Part Three: Mattress

Mattresses, even more so than pillows, are subject to personal preferences.  When probed about it by patients, I often turn the question around: “If you think back about the different beds where you have slept in the past couple of years, at home and while travelling, what has felt the most comfortable to you?”. Patients sometimes need to be reminded to trust their instincts about what their body is telling them. There is a stoic mentality out there that you need a very firm mattress to support your spine. That is not entirely true. You do need a mattress with a supportive core, and one that does not fail prematurely in the center, but most people feel better with some degree of softness on the outside. The trick is to figure out how much works best for you.

There are a lot of arguments about which mattress material is best, and I don’t plan to add to that. Options range from traditional coil to layers of various materials, to structure foam of synthetic or natural origin. The durability, and often the cost of your mattress will depend upon the quality of the base material and the density of the core, especially the coils.  Structure foam options are popular right now, but you need to look closely at the density per square inch on the manufacturer site, since that is highly variable and ultimately determines the firmness.  Regardless of the material you chose, I recommend that you get a mattress with relatively little top layer built in and retrofit it with the top layer of your choice. This will give you the option to better customize the mattress and change the top layer halfway through the lifespan of your mattress.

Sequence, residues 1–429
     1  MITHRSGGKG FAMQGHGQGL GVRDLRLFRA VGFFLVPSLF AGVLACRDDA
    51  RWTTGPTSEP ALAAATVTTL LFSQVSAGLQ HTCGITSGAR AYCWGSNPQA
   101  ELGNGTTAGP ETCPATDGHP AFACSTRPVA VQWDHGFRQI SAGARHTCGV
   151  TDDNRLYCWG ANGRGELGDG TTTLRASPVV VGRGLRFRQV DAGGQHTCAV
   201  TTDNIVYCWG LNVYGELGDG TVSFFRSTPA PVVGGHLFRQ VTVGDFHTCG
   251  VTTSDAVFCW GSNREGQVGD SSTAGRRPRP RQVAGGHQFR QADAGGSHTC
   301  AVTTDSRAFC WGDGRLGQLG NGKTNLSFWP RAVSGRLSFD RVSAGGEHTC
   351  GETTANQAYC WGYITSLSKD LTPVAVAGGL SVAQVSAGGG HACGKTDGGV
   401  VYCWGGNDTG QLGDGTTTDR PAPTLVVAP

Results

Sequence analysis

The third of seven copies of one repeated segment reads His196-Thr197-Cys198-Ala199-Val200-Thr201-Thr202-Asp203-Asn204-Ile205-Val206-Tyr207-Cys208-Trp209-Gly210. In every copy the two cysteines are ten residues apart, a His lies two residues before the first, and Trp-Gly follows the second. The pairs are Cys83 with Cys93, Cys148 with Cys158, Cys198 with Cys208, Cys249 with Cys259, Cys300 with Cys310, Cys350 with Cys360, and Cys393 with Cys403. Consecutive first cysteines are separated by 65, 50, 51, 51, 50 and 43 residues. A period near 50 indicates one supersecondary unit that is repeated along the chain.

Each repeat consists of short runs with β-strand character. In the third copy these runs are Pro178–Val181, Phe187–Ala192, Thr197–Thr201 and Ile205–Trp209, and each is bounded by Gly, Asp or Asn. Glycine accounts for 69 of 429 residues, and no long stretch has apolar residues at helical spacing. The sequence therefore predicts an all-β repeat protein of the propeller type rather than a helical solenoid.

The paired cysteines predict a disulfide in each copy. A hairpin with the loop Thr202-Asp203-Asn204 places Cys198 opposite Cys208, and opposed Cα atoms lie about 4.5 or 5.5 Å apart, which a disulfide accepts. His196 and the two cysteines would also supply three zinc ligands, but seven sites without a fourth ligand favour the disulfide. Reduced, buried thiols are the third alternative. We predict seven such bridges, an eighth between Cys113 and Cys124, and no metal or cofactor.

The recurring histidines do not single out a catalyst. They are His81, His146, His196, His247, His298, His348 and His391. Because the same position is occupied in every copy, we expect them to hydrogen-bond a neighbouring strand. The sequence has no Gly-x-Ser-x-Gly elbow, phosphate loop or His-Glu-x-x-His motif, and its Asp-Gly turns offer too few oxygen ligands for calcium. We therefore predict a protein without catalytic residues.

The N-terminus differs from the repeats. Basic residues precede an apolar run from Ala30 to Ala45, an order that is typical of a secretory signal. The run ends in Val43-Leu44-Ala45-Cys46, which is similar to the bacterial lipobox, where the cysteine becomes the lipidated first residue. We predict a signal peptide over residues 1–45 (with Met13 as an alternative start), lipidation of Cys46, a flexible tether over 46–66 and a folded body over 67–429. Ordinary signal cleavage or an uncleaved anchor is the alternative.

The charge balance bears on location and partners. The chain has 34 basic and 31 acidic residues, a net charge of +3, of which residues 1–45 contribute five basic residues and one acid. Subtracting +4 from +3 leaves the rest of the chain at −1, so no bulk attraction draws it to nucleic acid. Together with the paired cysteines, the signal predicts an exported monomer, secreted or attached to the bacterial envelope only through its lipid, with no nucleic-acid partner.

From a general health standpoint, you also want to keep in mind that the newer foam materials tend to gas off a lot, especially with the fire-retardant coatings. If you are more sensitive to chemicals, you should consider the newer wool, natural rubber foam options, which unfortunately come at a steeper price point. At a minimum, you should let your new mattress gas off in a well-ventilated area for 1-2 weeks before use.

The type and thickness of the top layers becomes really crucial for patients with wide shoulders, wide hips, or any ongoing issues to the above two pressure points (shoulder impingement, prior shoulder surgery, prior hip replacement, or chronic bursitis). Less than 2 inches is usually not going to be sufficient.

The life span and support of a mattress depends a fair amount on the base of the mattress. I am not a fan of the standard box springs. They fail faster than the mattress and are mostly responsible for the middle sag of aging mattresses. The traditional European slat system is getting more readily available and cheaper. It provides an excellent combination of support and ventilation. A solid base is also an option, but it tends to limit aeration of the mattress.  Flipping the mattress in both directions (180’ and upside down) every couple of months will also extend the life span of a mattress.

As a last note, bed mates sometime have widely different bedding needs and that can be a tricky problem to resolve. One easy option is a mattress with a top layer consisting of two individually controlled inflatable bladders. The other is to install two twin mattresses on a king frame and keep them connected with couple of fitted sheets or mattress protectors. Each side of the bed can be modified with the preferred mattress and top layer, and the transition between the two is usually not a significant barrier.